AUSTIN, Texas (AP) — Power was restored to more homes and businesses Thursday in states hit by a deadly blast of winter that overwhelmed the electrical grid and left millions shivering in the cold this week. However, the crisis was far from over in parts of the South, where many people still lacked safe drinking water.
In Texas on Thursday, about 325,000 homes and businesses remained without power, down from about 3 million a day earlier, though utility officials said limited rolling blackouts were still possible.
The storms also left more than 320,000 homes and businesses without power in Louisiana, Mississippi and Alabama. About 70,000 power outages persisted after an ice storm in eastern Kentucky, while nearly 67,000 were without electricity in West Virginia.
And more than 100,000 customers remained without power Thursday in Oregon, a week after a massive snow and ice storm. Maria Pope, the CEO of Portland General Electric, said she expects power to be restored by tonight to more than 90 percent of the customers still in the dark.
Meanwhile, snow and ice moved into the Appalachians, northern Maryland and southern Pennsylvania, and later the Northeast. Back-to-back storms left 15 inches of snow in Little Rock, Arkansas, tying a 1918 record, the National Weather Service said.
The extreme weather was blamed for the deaths of more than four dozen people, some while trying to keep warm. In the Houston area, one family died from carbon monoxide as their car idled in their garage. A woman and her three grandchildren were killed in a fire that authorities said might have been caused by a fireplace they were using.
Utilities from Minnesota to Texas implemented rolling blackouts to ease strained power grids. Southwest Power Pool, a group of utilities covering 14 states from the Dakotas to the Texas Panhandle, said rolling blackouts were no longer needed, but asked customers to conserve energy until at least Saturday night.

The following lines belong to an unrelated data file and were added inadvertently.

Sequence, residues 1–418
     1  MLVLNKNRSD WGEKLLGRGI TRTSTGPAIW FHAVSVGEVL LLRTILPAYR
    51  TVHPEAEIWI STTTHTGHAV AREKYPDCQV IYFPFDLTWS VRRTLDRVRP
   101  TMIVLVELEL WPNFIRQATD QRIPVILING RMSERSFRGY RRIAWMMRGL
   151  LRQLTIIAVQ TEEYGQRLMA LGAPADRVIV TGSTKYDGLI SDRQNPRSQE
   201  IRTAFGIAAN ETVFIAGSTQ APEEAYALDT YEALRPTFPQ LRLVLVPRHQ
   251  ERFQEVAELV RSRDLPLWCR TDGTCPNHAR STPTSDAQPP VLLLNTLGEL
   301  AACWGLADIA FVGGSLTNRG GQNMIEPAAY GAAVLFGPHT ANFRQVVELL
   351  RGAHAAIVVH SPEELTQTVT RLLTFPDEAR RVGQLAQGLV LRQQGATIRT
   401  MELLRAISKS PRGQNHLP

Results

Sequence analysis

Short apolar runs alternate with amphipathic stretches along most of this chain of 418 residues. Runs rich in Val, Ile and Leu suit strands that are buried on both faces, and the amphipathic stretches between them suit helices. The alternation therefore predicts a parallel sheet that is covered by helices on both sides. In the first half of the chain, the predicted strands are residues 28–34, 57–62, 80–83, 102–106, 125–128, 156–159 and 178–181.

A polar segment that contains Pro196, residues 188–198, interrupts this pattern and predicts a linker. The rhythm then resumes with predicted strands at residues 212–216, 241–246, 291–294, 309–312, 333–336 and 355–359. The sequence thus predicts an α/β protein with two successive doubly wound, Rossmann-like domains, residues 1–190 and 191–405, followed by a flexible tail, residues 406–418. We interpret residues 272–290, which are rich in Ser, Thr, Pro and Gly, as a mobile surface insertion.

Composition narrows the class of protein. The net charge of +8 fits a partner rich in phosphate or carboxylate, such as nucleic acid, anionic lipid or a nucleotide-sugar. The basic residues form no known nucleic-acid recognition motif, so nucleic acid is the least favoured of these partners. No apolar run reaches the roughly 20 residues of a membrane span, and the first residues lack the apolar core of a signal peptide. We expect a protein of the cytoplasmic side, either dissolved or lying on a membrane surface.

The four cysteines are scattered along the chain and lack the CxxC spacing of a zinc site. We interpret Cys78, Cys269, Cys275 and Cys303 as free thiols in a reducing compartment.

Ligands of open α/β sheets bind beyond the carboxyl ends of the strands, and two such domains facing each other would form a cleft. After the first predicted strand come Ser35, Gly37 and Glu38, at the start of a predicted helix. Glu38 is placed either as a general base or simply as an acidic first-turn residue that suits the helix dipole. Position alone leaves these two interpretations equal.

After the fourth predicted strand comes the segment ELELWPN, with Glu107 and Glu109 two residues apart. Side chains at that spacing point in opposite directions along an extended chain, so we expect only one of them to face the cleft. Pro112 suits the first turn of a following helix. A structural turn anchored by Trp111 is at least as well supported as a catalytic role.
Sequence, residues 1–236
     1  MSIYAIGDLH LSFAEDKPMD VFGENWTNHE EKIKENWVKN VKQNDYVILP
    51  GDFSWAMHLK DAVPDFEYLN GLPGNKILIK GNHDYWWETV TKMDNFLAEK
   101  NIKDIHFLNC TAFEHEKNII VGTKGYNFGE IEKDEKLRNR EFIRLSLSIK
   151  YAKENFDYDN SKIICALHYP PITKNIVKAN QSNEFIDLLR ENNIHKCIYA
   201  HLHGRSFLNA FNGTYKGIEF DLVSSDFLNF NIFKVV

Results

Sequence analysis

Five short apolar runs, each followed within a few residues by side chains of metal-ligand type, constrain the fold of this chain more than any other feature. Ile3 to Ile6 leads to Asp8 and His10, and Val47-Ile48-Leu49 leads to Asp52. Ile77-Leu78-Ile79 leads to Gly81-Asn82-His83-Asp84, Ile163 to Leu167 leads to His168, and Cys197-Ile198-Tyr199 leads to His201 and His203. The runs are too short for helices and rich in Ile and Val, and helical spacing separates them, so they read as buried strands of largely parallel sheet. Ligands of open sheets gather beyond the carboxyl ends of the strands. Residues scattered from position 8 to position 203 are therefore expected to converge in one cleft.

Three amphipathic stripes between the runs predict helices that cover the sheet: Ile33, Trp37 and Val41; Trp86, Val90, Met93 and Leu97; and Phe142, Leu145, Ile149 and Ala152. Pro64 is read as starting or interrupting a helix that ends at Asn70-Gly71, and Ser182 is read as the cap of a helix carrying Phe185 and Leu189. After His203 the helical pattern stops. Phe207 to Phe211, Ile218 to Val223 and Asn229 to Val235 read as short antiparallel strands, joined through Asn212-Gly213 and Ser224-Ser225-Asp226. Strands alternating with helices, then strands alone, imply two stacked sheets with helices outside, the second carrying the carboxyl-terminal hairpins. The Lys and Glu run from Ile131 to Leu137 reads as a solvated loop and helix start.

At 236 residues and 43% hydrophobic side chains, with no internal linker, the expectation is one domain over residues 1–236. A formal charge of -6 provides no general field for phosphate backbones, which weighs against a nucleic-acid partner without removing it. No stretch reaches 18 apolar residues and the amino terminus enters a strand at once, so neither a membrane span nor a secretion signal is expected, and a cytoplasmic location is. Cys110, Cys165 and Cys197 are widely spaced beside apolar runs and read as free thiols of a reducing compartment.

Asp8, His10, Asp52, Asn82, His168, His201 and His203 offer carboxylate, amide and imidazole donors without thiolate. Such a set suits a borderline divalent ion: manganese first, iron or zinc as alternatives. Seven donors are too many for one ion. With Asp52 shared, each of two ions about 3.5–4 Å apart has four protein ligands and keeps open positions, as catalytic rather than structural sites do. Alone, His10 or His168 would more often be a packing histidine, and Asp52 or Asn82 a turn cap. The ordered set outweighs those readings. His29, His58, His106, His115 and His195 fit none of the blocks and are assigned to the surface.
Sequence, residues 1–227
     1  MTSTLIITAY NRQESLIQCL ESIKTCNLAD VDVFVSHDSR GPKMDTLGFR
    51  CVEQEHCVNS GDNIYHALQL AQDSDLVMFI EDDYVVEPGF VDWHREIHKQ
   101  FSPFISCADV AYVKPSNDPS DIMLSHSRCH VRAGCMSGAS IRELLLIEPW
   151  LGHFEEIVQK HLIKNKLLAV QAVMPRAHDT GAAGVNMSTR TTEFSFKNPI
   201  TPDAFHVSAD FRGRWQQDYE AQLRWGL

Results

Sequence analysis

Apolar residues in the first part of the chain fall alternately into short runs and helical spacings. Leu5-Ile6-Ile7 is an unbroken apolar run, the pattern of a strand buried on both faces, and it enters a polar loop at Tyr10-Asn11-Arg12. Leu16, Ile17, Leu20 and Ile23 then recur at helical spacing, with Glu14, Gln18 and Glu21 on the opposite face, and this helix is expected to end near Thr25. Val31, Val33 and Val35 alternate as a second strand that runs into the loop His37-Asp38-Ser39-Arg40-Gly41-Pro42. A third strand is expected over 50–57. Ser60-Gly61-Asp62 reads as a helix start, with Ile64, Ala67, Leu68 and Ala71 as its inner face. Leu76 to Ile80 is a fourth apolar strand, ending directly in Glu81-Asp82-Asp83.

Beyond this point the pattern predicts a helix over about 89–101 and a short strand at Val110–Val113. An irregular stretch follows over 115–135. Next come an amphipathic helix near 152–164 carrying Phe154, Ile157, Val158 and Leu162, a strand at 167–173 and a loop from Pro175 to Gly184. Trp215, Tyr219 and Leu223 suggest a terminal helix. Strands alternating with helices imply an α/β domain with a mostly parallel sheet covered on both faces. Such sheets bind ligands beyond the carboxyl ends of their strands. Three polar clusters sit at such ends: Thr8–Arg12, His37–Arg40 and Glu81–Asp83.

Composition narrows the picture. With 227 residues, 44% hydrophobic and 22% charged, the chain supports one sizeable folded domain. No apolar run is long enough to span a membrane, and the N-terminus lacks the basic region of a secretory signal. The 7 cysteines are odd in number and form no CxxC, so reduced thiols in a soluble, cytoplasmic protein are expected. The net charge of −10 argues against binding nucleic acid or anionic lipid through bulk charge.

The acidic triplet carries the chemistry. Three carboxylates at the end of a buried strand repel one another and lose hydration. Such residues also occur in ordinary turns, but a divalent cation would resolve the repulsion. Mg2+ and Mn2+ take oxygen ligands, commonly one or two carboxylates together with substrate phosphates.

Texas' remaining outages were mostly weather-related, rather than forced blackouts, according to the state's grid manager, the Electric Reliability Council of Texas. ERCOT Senior Director of System Operations Dan Woodfin said rotating outages could return if electricity demand rises as people get power and heating back, though they wouldn't last as long as outages earlier this week.
Texas Gov. Greg Abbott warned state residents "are not out of the woods," with temperatures still well below freezing statewide, south central Texas threatened by a winter storm and disruptions in food supply chains.
Adding to the state's misery, the weather jeopardized drinking water systems. Authorities ordered 7 million people — a quarter of the population of the nation's second-largest state — to boil tap water before drinking it, following record low temperatures that damaged infrastructure and pipes.
Water pressure dropped after lines froze, and because many people left faucets dripping to prevent pipes from icing over, said Toby Baker, executive director of the Texas Commission on Environmental Quality. Abbott urged residents to shut off water to their homes to prevent more busted pipes and preserve pressure in municipal systems.
Houston Mayor Sylvester Turner said he expects residents in the nation's fourth-largest city will have to boil tap water before drinking it until Sunday or Monday.
FEMA sent generators to support water treatment plants, hospitals and nursing homes in Texas, along with thousands of blankets and ready-to-eat meals, officials said. The Texas Restaurant Association also said it was coordinating donations of food to hospitals.
Some Austin hospitals lost water pressure and heat. However, because the problem was statewide and affected other facilities, "no one hospital currently has the capacity to accept transport of a large number of patients," said David Huffstutler, CEO of St. David's South Austin Medical Center.
Two of Houston Methodist's community hospitals had no running water but still treated patients, with most non-emergency surgeries and procedures canceled for Thursday and possibly today, spokeswoman Gale Smith said.
Emergency rooms were crowded "due to patients being unable to meet their medical needs at home without electricity," Smith said.
Texas Children's Hospital's main campus at the Texas Medical Center and another location had low water pressure, but the system was adequately staffed and patients had enough water and "are safe and comfortable," spokeswoman Jenn Jacome said.
The next phase of the state's disaster response will be to test drinking water from systems knocked offline by the cold. As of Thursday afternoon, more than 1,000 Texas public water systems and 177 of the state's 254 counties had reported weather-related operational disruptions, affecting more than 14 million people, according to the Texas Commission on Environmental Quality.